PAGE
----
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  1. #11
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    What have you tried?

  2. #12
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    Quote Originally Posted by Little Miss Sunshine View Post
    @allatsea

    I know a lot of us (including me) have previously mentioned that your boy sounds like a normal little kid and that you need to get your anxiety sorted.

    I confess I'm probably a bit quick to dismiss your problems.

    However, I am finding this thread alarming. It is not normal for a 2.5 year old to hit or kick you every nappy change (or putting on sunscreen) and it is unacceptable to put up with that.

    Resistiveness and non compliance is normal, tantrums is normal, but hurting you and taking his out his frustration on you- not on. Have you explained his behaviour to a paed? Or spoken to his childcare teachers? What's he like with your dh? I just don't understand why he's like this with you all the time but not at daycare- I'm a bit confused?
    I disagree. My son has behaved this way for nappy changes before. He usually does it when I am being pretty anxious/short/frustrated with him and/or he is overtired from nursery or has been too bored from me being busy with the baby.

    OP. Have you gone to look for any parenting/discipline books that suit your parenting style? Have you done anything about your anxiety and attitude? I guarantee he is like this with you because of your anxiety/vibe you are sending out and/or because you are not consistent with him. I really think this is all more about you rather than him and you are going to struggle with his behavior and 'toddlerness' just as you struggled with his baby years until you get help for yourself and change your outlook and behavior. When my son misbehaves like this 8/10 times it is because of something I am doing (or not doing). Bored because we've had to stay home all day because of weather or the baby is unwell. Attention seeking because I have been busy with the baby or been on my phone or computer too much. Acting out because he is picking up on my anxiety and I am not being patient with him. Etc. etc. Then sometimes it is because he is tired or doesn't feel well.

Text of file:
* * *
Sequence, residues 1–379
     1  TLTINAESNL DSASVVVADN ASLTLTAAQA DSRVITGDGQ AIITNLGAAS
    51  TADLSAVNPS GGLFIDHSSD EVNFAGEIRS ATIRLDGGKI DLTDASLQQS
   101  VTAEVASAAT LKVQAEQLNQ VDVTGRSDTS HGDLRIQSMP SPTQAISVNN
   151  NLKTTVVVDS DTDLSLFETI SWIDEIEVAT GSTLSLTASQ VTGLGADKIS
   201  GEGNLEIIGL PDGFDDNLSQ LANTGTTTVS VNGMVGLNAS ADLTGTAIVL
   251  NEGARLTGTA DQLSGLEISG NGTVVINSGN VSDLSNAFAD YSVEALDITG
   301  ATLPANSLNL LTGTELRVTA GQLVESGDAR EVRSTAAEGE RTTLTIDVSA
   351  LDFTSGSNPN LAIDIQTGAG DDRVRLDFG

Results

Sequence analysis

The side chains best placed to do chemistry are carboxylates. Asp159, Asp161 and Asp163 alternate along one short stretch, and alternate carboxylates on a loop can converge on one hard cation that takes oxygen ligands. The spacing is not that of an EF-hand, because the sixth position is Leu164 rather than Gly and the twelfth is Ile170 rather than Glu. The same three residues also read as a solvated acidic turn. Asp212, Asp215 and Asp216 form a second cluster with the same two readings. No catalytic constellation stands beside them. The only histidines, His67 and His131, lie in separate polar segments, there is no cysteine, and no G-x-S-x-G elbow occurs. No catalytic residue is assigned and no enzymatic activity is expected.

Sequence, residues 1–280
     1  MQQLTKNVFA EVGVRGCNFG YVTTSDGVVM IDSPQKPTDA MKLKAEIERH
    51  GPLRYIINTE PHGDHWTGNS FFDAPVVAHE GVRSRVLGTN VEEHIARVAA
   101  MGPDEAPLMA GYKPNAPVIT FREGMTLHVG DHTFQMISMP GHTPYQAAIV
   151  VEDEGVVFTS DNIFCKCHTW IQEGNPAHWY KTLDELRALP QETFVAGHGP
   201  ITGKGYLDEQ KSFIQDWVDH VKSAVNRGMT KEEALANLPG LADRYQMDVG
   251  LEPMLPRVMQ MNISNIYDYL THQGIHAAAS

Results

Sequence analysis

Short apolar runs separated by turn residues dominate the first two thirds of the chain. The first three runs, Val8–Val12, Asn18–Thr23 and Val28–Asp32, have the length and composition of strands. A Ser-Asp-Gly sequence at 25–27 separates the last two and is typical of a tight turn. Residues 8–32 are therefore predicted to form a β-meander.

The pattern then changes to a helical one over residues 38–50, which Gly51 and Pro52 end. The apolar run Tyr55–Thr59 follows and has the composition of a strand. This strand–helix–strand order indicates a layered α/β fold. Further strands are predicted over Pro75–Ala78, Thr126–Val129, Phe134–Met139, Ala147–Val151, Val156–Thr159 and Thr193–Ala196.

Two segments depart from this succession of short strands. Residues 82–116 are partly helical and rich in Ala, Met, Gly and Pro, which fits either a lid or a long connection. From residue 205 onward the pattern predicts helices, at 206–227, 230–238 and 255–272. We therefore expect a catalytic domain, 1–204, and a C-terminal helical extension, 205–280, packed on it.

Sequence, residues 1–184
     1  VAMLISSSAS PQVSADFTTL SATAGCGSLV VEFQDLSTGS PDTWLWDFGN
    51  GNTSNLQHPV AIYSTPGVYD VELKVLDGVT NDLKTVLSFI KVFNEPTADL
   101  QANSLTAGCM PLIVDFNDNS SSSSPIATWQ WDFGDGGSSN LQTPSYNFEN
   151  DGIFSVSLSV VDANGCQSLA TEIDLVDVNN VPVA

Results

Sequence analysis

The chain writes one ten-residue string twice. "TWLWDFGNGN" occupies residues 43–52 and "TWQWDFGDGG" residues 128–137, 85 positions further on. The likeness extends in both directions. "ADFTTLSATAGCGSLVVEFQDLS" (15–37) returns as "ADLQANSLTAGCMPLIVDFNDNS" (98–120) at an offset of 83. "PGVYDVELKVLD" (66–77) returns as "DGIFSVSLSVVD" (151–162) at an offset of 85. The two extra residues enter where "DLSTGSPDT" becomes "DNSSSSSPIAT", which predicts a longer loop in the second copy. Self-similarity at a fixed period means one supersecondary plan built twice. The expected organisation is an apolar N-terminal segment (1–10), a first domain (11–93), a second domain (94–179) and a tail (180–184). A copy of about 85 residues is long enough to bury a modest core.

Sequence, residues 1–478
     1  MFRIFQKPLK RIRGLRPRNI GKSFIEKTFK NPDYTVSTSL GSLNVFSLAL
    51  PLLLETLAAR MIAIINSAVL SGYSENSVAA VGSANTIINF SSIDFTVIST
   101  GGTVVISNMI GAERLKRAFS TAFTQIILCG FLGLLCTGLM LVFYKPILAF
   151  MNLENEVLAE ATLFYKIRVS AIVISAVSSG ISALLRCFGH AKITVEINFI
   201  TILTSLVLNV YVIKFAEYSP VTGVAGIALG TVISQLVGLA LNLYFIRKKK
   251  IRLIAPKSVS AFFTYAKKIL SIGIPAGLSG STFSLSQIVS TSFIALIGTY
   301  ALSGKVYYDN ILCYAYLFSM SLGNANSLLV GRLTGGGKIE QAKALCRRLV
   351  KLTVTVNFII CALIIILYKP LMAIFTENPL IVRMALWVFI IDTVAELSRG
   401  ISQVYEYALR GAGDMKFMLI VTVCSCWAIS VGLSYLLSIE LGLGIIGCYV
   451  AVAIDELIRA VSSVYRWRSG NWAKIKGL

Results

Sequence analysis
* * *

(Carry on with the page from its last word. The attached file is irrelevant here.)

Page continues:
Not everything is a catastrophe that means you can never leave the house/change a nappy/have fun/etc. It's not the end of the world if he pees on carpet. And quite honestly, who cares if he bounces around or pretends to fall while he puts on his nappy. He's a child and he's playing! If he's done a poo and won't hold still then turn on the tv or give him your phone for the 2 minutes it takes you to clean him up. He is a child. Get help for yourself and enjoy him.

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  4. #13
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    Default Changing an active toddler's nappy when they are throwing themselves around/d...

    Quote Originally Posted by HollyGolightly81 View Post
    I disagree. My son has behaved this way for nappy changes before. He usually does it when I am being pretty anxious/short/frustrated with him and/or he is overtired from nursery or has been too bored from me being busy with the baby.

    OP. Have you gone to look for any parenting/discipline books that suit your parenting style? Have you done anything about your anxiety and attitude? I guarantee he is like this with you because of your anxiety/vibe you are sending out and/or because you are not consistent with him. I really think this is all more about you rather than him and you are going to struggle with his behavior and 'toddlerness' just as you struggled with his baby years until you get help for yourself and change your outlook and behavior. When my son misbehaves like this 8/10 times it is because of something I am doing (or not doing). Bored because we've had to stay home all day because of weather or the baby is unwell. Attention seeking because I have been busy with the baby or been on my phone or computer too much. Acting out because he is picking up on my anxiety and I am not being patient with him. Etc. etc. Then sometimes it is because he is tired or doesn't feel well.